Browsing articles from "January, 2014"

Dude, Where’s My Car?

Dear Ashton,

I’m looking forward to watching your movie, Dude, Where’s My Car?

Because, seriously, dude, where’s my car?! We just lived through a real-life version of the movie when your investment Getaround lost my girlfriend’s car—for a whole week!

Dude Where's My Car With Getaround Investor Ashton Kutcher

No, I’m not kidding. This isn’t a spoof on your movie. This is the real deal. Some “dude” rented her car and thought he had returned it.

According to him he was “so wasted,” that he parked the car in a lot near his house rather than back in its rightful parking spot, a mile and half away. When he finally remembered that he hadn’t returned it, he didn’t even remember where he parked it! I mean, where do we even start on that one?

But then there’s the fact that Getaround didn’t figure out her car wasn’t in its rightful parking spot—for a whole week! Shouldn’t they have used software + GPS technology to figure that out? She called Getaround when she got back from from visiting family over the holidays to ask, “Dude, where’s my car?”

The good news is, they found her car. And the dude even remembered that he still had the key. It took them more than 30 hours to get her car back to her. That was frustrating.

If it were me I would have sent over a cool MINI from the Getaround fleet to make up for the fact that a) her car was missing and b) she might actually need to use her car to go somewhere!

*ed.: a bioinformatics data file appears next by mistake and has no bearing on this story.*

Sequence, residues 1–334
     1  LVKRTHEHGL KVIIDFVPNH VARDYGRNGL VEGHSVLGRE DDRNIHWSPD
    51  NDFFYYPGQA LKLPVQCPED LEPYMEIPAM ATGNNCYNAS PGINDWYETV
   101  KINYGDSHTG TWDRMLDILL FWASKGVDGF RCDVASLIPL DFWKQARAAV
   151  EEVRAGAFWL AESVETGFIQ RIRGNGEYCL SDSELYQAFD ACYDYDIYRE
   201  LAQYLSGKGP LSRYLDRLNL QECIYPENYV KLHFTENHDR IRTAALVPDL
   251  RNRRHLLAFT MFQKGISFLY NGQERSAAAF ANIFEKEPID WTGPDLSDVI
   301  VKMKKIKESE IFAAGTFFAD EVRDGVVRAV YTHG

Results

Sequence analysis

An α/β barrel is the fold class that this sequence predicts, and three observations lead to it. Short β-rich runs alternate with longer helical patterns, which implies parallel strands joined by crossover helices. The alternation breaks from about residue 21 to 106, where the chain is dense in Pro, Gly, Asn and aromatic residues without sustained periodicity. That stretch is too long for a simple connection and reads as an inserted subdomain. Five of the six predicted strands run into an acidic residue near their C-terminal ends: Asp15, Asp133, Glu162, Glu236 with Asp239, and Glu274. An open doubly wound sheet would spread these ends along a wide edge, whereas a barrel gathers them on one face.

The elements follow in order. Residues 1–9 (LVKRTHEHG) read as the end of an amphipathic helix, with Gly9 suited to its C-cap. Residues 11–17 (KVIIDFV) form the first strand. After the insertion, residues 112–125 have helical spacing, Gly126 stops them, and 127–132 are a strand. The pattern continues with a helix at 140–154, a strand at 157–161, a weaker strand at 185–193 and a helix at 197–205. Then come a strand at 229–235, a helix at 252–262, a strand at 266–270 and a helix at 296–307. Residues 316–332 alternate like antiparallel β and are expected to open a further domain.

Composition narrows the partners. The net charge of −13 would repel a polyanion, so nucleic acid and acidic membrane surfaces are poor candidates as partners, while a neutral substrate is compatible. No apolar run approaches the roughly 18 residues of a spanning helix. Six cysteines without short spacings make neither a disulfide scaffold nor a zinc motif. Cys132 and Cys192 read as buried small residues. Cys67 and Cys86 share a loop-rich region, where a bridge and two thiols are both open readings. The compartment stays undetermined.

Ashton, like you, I’m a huge fan of Marketplaces 2.0, and I love the concept behind Getaround. I think it’s awesome that you’re an investor in the company. I just hope no one else has to experience your movie in real life like we did!

I have to say, now that we’ve lived through this we really want to watch your movie. I’m sure it will be funny.

Thank you and all the best.

Jan 13, 2014

Why I Write

While I was in China, one of the questions I got asked a lot was “Why did you write Big Data Demystified?” I talked about my own very personal experience with Big Data, how I used it to measure my progress every week when I was training for my first Ironman and how I wanted to share that with others. I talked about my desire to take everything I had learned about Big Data and put it in one place–to create a lasting work that encompassed the knowledge I had acquired so other people could share in the learnings.

But then later, while I was talking with my Dad I told him that what I really wanted to say was, “I wrote the book because I love to write!”

To his great credit, he said, “you should just say that!”

I have always enjoyed writing. In eighth grade, I took a course called Expository Writing with Mr. Stewart. I credit that class with teaching me almost everything I know about writing. One of my favorite exercises was writing a Dr. Seuss-like story. Mine was called Horace The Hippo. It was a story about a Hippo who lost everything because of his weight problem and what he did about it.

I love writing because it’s a way to clarify my thoughts. It’s a way to communicate. It’s a way to generate new ideas.

People often tell me they want to write a book but they just don’t think they can.

How do you write a book? One word at a time.

It sounds so simple, yet it can be so difficult. People ask me if I ever get writer’s block. I do get writer’s block–all the time. My solution is to write one sentence. I may throw that sentence out later, but if I can write one sentence, then I can write another and another and… before you know it there’s a whole chapter.

People also ask how long it takes to write a book. The research for Big Data Demystified took me more than nine months. That was after I had already been in technology for years and built two storage companies. So I felt like I had a very strong basis for understanding the space and I was really digging into the details. The actual writing took 10 weeks.